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Saturday, June 04, 2005

Pastor's Faith Crisis

Below is a church newsletter article published by my pastor in March. He is Doug Burford and is the pastor at Ward Parkway Presbyterian Church in Kansas City, MO. Thought I would share it here as well. Enjoy.

The Pastor's Faith Crisis... read on

Relax. The pastor is not doubting his faith.

I know Who I know and I wouldn’t trade Him for the emptiness of the world. But therein lies the problem. The institutional Church has, in many ways, traded Him for the emptiness of the world. Paul’s charge is still accurate: “They exchanged the truth of God for a lie, and worshiped and served created things rather than the Creator. . . ” (Romans 1:25)

Since Constantine, the Church has “done church” in a way that has increasingly displaced God. Insidiously, created things have taken center stage. We may not bow down to them, but we “worship” them with our time, energy, concentration and gifts. They can become our “gods.”

Ever since the Church changed from a persecuted, fleeing band, which went about sharing their faith, loving one another and sharing their possessions with those in need, the Church has become increasingly weighed down with a myriad of peripherals. The more those peripherals become central, the fewer resources are left over for the things the Church did at first.

Thus, going out into the world has been replaced by Christians coming into a building; spontaneous heartfelt prayer has been replaced by liturgies written by “professionals.” Spirit-led songs have been replaced by “good music” sometimes produced by unbelievers. Being in the world but not of the world has been replaced by being of the world while being secluded from it. We have distracted ourselves with “services,” process, debates, bulletins, monthly newsletters (like this one), buildings, décor, office machines, minutes, reports, budgets, congregational or denominational sub-issues, etc. ... all of which the Church could do without and probably be stronger for it. Without them, there would be nothing to focus on but Christ who binds us together . . . His Word, His Spirit, one another and those not yet a part of Christ’s body.

No wonder I’ve been frustrated for 15 years of ministry, here and elsewhere.

Too much of what has demanded my time as a pastor has not resulted in lives changed by Jesus Christ. The Truth has been exchanged for a lie; created things have been worshiped while Christ has to ask for time when we’re done with our business.

Realistically, we can’t get rid of the peripherals, but we can name them such and displace them as priorities. They’re not evil, in themselves, but they can become ends in themselves, rather than means to an end. We must constantly reign in all things and subject them to Christ as central to all we do. Thankfully, the session is praying more . . . our primary responsibility as elders. I look for more such changes.

I don’t know all the solutions to the above observations. Like I said, I’m in a crisis. But, I’m working on it. Pray for me. Pray with me. Pray with and for the session.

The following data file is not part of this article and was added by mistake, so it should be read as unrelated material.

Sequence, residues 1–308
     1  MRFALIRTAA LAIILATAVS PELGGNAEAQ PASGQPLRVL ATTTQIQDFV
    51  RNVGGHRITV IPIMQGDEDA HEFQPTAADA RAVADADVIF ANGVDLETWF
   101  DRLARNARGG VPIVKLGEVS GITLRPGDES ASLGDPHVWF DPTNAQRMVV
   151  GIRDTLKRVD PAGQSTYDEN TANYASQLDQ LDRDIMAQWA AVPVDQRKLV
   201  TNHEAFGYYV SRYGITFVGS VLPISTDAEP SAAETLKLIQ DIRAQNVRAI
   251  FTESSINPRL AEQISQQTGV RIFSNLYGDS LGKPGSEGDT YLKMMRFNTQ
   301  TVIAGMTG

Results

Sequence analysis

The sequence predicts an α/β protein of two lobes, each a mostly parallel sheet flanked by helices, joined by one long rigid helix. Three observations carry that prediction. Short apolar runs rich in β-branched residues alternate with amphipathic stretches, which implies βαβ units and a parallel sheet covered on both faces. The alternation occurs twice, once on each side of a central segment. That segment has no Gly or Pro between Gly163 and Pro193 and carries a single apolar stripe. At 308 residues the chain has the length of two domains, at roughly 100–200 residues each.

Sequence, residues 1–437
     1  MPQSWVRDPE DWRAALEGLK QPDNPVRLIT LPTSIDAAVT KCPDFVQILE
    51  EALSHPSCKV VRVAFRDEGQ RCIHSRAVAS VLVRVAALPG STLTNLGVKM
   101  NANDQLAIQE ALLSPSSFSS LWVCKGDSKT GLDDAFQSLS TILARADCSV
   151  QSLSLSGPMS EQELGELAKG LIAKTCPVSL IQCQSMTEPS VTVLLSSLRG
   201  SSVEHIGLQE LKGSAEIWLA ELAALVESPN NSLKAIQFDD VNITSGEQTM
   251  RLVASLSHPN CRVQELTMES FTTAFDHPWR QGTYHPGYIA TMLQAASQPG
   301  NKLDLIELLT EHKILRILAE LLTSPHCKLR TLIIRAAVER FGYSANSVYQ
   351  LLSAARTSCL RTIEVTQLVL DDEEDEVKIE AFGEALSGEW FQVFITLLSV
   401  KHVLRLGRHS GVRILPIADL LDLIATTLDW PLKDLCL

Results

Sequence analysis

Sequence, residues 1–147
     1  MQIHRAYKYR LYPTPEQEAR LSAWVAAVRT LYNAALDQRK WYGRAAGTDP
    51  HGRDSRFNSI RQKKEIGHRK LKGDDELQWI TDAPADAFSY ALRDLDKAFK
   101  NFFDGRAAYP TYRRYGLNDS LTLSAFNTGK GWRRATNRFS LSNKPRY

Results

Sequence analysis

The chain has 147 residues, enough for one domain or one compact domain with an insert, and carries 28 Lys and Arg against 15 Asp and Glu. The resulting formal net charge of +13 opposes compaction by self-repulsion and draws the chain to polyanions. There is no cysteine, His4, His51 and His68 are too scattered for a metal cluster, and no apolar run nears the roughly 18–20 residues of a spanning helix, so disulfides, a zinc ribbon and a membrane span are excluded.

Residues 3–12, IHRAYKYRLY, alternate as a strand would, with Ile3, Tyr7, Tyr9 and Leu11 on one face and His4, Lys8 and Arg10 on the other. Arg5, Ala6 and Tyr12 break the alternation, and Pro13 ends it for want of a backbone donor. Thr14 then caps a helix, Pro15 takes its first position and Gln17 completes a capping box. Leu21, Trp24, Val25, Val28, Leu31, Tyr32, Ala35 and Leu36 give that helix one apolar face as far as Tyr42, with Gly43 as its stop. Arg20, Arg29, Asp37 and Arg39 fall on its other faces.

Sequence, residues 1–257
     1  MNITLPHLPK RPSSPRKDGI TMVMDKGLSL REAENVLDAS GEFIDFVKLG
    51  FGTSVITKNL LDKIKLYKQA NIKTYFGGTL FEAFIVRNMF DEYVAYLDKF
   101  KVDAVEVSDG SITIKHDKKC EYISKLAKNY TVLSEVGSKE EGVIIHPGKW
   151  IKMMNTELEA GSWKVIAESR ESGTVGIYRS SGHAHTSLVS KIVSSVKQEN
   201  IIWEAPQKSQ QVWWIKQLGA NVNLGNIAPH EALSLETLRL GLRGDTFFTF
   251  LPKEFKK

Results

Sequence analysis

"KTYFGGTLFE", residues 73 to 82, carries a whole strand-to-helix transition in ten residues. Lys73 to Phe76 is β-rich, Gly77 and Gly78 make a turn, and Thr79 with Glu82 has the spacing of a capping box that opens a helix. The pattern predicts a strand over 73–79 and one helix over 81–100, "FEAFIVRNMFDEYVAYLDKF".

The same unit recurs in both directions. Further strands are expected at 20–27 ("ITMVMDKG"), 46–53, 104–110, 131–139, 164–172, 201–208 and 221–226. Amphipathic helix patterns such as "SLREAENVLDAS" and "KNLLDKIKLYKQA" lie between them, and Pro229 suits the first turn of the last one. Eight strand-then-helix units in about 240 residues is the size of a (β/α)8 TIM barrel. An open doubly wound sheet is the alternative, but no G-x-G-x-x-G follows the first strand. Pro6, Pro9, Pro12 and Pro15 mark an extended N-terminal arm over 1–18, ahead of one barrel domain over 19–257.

What do I hope will result? The following:

† Prayer. The kind where everyone comes together and prays without script. The kind where the Holy Spirit leads.

† Worship. Worship that focuses completely on God rather than on bulletins, atmosphere, grammar or decorum. Worship is not something we do on Sunday morning in a “sanctuary.” Worship is a posture of life. Worship is every day in every way. Sunday morning is just a reminder, an equipping, a recharging of our spiritual batteries for worship.

† Discipleship. No apprentice ever learned a trade by meeting once a week and standing in place. An apprentice walks with, shadows, watches and learns from a mentor he or she is with almost constantly. That is the model Jesus left us as He poured His life into His disciples. He rejected the religiosity of His day because it had become dead and ineffective. Our small groups and unfolding discipleship efforts seek to regain what the Church has lost in disciple-making and replaced with religiosity. Making disciples is the charge Christ gave to the Church.

† Relationships. Ekklesia means “gathering.” Yet, Sunday morning worship does everything possible to keep us apart, separated and isolated from one another during “worship.” The transforming power of Christ rarely is evident in worship. Why? Because God does the work of transformation in relationships — with Himself and with people. God uses genuine human interaction in which He is the Center through His Word and Spirit. As people share with one another what they are hearing from the Lord through Word and Spirit, genuine Christian community and growth is experienced. The Church of today needs to find a way to allow for that during our ekklesias. Small groups are one way. Wednesday evenings can be another way, though work remains to be done. Maybe even Sunday mornings can be reclaimed as gatherings in which God is present with His people in interactive ways.

The above need to be central because Christ is central and these are means by which He works. The above must replace the rubric imposed on the Church, by which Christ often does His best work after we’re done with “worship.”


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